A recent US Congress report urges a strategic defensive posture review of simultaneous near-peer conventional and nuclear threats.
This month, the Congressional Commission on the Strategic Posture of the US released a report urging the country to be prepared for a two-front conflict against China and Russia.
The report says that US defense strategy and strategic posture must change to properly defend its vital interests and improve strategic stability with the two nuclear-armed adversaries while advocating that critical decisions should be made now to address nuclear threats expected to arise during the 2027-2035 time-frame.
It also assessed that the USA needs to address the looming nuclear threat with a comprehensive strategy and force structure adjustments.
Although it says the fundamentals of US deterrence strategy remain sound, size and composition adjustments are needed to its nuclear capabilities.
The report also emphasizes the importance of non-nuclear capabilities for the US strategic posture, including strengthened infrastructure and risk reduction efforts. It notes allies and partners are crucial to the US approach in the new emerging threat environment.
The report recommends that the US Congress fund the expansion of the US nuclear weapons defense industrial base and the Department of Energy (DOE)/National Nuclear Security Administration (NNSA) nuclear security enterprise.
It also suggests that Congress should ensure funding stability for the defense industry to respond to innovative Department of Defense (DOD) contracting approaches.
The report’s recommendations include deploying a stronger space architecture with offensive and defensive elements, prioritizing funding for long-range precision strike programs, developing homeland missile defense systems and transferring missile defense responsibility to the Military Departments by October 2024.
The report says that the US should maintain and strengthen its network of alliances and partnerships to deter aggression, ensure regional security and boost economic prosperity through access to international markets.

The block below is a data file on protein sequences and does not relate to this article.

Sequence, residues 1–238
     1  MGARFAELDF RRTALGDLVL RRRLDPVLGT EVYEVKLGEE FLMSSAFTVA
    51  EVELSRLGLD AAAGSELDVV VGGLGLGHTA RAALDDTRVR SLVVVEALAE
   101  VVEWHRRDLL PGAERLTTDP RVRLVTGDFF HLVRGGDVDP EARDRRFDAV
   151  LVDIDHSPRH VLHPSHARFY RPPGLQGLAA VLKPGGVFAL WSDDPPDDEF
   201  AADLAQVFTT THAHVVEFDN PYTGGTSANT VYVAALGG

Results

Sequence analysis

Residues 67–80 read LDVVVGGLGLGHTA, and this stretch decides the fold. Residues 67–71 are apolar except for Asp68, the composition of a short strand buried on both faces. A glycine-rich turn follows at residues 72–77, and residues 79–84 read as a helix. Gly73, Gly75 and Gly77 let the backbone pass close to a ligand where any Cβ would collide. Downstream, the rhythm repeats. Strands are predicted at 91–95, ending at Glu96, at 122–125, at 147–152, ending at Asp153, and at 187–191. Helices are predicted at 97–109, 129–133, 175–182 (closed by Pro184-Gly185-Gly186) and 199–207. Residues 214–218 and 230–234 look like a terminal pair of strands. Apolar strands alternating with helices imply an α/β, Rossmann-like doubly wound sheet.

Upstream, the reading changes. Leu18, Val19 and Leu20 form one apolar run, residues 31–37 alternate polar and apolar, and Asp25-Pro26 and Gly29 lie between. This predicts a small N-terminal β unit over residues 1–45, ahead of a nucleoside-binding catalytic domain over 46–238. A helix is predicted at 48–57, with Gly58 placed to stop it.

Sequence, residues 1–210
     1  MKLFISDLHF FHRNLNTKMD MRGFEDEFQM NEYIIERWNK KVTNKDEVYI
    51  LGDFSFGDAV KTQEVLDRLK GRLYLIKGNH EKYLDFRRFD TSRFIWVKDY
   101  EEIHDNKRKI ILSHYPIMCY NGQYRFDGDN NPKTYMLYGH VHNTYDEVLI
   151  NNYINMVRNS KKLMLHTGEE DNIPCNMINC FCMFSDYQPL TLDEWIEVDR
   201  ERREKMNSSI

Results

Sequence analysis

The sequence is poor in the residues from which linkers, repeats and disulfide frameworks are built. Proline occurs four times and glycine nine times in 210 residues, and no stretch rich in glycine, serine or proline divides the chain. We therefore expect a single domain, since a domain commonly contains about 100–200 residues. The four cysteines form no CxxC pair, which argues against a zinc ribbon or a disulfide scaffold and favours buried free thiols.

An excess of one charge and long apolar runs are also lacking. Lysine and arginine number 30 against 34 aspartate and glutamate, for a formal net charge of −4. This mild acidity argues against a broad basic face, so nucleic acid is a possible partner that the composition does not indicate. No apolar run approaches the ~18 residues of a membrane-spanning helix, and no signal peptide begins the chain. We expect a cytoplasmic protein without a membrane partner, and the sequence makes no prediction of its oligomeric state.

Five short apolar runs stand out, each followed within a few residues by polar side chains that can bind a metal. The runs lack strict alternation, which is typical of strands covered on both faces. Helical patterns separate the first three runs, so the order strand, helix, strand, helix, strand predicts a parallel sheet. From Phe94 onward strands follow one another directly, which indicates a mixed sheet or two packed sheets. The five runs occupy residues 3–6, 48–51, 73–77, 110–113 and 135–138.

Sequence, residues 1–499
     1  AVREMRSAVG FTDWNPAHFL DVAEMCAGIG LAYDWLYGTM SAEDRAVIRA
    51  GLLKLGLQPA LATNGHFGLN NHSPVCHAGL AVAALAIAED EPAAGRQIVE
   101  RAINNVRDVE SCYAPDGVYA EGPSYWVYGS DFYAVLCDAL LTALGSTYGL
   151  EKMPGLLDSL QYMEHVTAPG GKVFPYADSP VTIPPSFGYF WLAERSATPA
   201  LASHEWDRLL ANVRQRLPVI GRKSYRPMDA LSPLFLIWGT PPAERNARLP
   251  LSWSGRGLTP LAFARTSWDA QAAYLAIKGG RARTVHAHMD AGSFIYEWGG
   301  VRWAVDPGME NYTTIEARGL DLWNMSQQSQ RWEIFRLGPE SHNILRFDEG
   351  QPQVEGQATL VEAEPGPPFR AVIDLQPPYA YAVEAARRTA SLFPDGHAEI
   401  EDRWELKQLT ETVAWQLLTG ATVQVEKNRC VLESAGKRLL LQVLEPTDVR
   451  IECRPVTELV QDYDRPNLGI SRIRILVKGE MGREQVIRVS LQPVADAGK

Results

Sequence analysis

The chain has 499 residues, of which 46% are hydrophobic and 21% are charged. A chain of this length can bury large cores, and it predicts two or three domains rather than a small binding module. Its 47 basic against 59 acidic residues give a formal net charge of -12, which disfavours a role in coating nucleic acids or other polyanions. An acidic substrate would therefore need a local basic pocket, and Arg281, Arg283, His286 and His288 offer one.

It warns that withdrawing from these relationships would benefit adversaries, increase the risk of aggression and reduce the USA and its derailed allies’ security and economic prosperity.
It also recommends exploring nuclear arms control opportunities and researching potential verification technologies to support future negotiations in the US national interest that seek to limit all nuclear weapon types.
The foundation of US national defense, including the defense of allies and support of military operations, is based on the concept of nuclear deterrence that has been in place since 1945.
In a January 2023 article for the US Naval Institute, Daniel Post outlines the value and limits of nuclear deterrence. Post says that the unparalleled destructiveness of nuclear weapons underpins their deterrent value, making them desirable to acquire alongside conventional military capabilities.
Given that, he says the US nuclear strategy must aim at manipulating the rational calculations of adversaries by understanding how its capabilities are perceived by the other.
Post also says nuclear weapons are useless to coerce other states but are effective when held in reserve as a defensive capability, denying benefits and imposing costs on aggressors once deterrence has failed, noting that they deter nuclear and other major strategic attacks on the USA and its allies and major state-on-state wars between nuclear powers.
Along with nuclear deterrence, conventional deterrence is more applicable to a broader range of circumstances, has greater flexibility than nuclear weapons and is not subject to the political constraints of the former.
Robert Haffa Jr argues in a 2018 article for Strategic Studies Quarterly that the USA should reinforce the logic of conventional deterrence as a central concept of its defense policy.
However, Haffa points out that the main issue with conventional deterrence is its tendency to fail. Given that, he says Cold War-era conventional deterrence strategies are inadequate for today’s great power competition.
According to Haffa, a modern approach to deterring US adversaries should focus on non-nuclear threats, be intense and overwhelming in threat, focus on US and allied strengths and adversary weaknesses, and be able to punish, deny and utilize advanced technologies and weapons systems across the globe.
China and Russia have multiple approaches to negate US nuclear and conventional deterrence, running a spectrum between threatening to use nuclear weapons and unconventional means.
In a September 2022 article for the Heritage Foundation, Patty-Jane Geller says that China’s growing nuclear forces could potentially increase the risk of unintentional escalation.
In terms of conventional deterrence, Tim Sweijs and others write in a January 2022 report for the Hague Institute of Strategic Studies (HCSS) that Russia poses a hybrid threat to NATO and Europe through using proxies, covert activities, cyber capabilities, political subversion and economic influence.
Asia Times / ABC Flash Point News 2023.